- Michal Freedhoff, Director of Oversight, Senate Committee on Environment and Public Works
- Alan Slobodin, Chief Investigative Counsel, House Committee on Energy and Commerce
- Justin Rood, Congressional Oversight Initiative Director, POGO
About the Congressional Training Program
There is no cost for participating in the seminars. They are for legislative branch staff only, are off the record, and refreshments are provided. Seminars will generally be held at noon on a Friday in the Capitol Visitor Center.
True to POGO's non-partisan mission, we strive to ensure that the training seminars have both a Republican and Democratic presenter. We may also include presenters from the GAO, CRS, Offices of Inspectors General, nonprofits, or the media. A schedule of upcoming trainings can be found here.
Congressional oversight is a bipartisan responsibility and effort. Therefore, the Honorary Co-Hosts are Republican and Democratic leaders in the House and the Senate. This Congress's Honorary Co-Hosts are Senator Charles Grassley and Representative Jackie Speier. POGO launched its Congressional Training Program in 2006 (then called the Congressional Oversight Training Series) to provide Congressional staffers with exercises, case reviews, and lessons from some of the most accomplished current and former Congressional oversight experts and practitioners from both parties.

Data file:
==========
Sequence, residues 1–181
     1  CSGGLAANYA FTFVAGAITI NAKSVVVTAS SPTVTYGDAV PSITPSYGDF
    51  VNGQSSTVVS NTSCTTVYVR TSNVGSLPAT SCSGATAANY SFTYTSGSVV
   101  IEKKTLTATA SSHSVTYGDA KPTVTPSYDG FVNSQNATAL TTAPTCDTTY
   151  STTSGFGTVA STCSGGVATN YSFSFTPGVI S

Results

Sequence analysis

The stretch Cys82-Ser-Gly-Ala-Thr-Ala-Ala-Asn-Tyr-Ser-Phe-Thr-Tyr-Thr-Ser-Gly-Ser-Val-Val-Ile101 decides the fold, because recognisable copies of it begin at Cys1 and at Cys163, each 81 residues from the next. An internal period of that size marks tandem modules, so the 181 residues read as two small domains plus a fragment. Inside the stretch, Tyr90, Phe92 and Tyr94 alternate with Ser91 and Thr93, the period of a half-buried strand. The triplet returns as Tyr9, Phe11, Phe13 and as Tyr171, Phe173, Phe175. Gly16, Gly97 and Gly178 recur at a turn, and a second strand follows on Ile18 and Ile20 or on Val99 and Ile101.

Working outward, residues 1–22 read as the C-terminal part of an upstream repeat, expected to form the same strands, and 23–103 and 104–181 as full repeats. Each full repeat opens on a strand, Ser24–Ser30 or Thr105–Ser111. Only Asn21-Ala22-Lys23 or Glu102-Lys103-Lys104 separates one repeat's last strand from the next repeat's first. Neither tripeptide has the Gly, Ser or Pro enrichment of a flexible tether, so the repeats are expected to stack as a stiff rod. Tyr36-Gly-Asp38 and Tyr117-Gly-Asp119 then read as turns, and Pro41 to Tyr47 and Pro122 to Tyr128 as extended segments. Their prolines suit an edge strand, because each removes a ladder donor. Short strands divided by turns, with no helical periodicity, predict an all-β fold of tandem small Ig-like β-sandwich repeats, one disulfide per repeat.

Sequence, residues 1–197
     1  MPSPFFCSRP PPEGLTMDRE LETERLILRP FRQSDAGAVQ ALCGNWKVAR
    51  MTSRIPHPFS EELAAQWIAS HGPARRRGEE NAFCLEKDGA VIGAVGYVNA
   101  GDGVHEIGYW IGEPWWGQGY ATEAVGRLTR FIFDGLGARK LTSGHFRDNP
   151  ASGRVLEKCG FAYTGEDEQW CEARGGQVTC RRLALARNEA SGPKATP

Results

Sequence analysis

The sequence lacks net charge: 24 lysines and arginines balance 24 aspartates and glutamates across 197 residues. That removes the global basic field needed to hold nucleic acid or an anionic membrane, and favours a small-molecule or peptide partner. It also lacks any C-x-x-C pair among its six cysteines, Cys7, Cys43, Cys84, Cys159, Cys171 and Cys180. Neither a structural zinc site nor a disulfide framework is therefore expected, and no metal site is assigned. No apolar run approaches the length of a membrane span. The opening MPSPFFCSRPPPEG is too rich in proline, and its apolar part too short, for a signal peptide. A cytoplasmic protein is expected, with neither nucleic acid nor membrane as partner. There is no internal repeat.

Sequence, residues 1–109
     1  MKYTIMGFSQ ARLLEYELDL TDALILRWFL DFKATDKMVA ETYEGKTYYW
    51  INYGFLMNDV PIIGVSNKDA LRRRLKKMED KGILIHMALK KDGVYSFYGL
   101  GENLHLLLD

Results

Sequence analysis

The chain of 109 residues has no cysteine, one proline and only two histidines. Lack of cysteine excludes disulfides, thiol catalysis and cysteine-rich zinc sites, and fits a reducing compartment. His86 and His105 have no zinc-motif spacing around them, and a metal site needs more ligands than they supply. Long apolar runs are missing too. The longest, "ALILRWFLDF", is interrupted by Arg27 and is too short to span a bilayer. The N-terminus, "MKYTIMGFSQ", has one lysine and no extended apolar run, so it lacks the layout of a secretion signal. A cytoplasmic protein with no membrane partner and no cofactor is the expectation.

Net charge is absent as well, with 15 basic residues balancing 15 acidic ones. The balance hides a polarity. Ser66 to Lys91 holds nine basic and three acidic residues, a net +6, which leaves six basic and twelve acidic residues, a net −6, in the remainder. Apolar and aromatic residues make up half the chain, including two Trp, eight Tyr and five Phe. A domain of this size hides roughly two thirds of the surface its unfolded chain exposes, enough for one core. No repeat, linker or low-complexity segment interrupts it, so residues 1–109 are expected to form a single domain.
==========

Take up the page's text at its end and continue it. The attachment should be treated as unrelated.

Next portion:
More than 2,000 staffers—both novice and seasoned, from Democratic and Republican offices, and from personal and committee offices—have attended these seminars. Below are just a few of the compliments the program has received from attendees.
"Excellent discussion and great guest speakers. Very knowledgeable with good handouts."
"As a new hill staffer, particularly for a committee w/ an oversight role, learning about these resources is so helpful."
"I really enjoyed and benefited from the program. It's been one of the highlights of my tour here."
"Each session gives new ideas as to how oversight can be done—based on the firsthand experiences relayed by the panelist. It helps answer the question: 'Where do we start?'"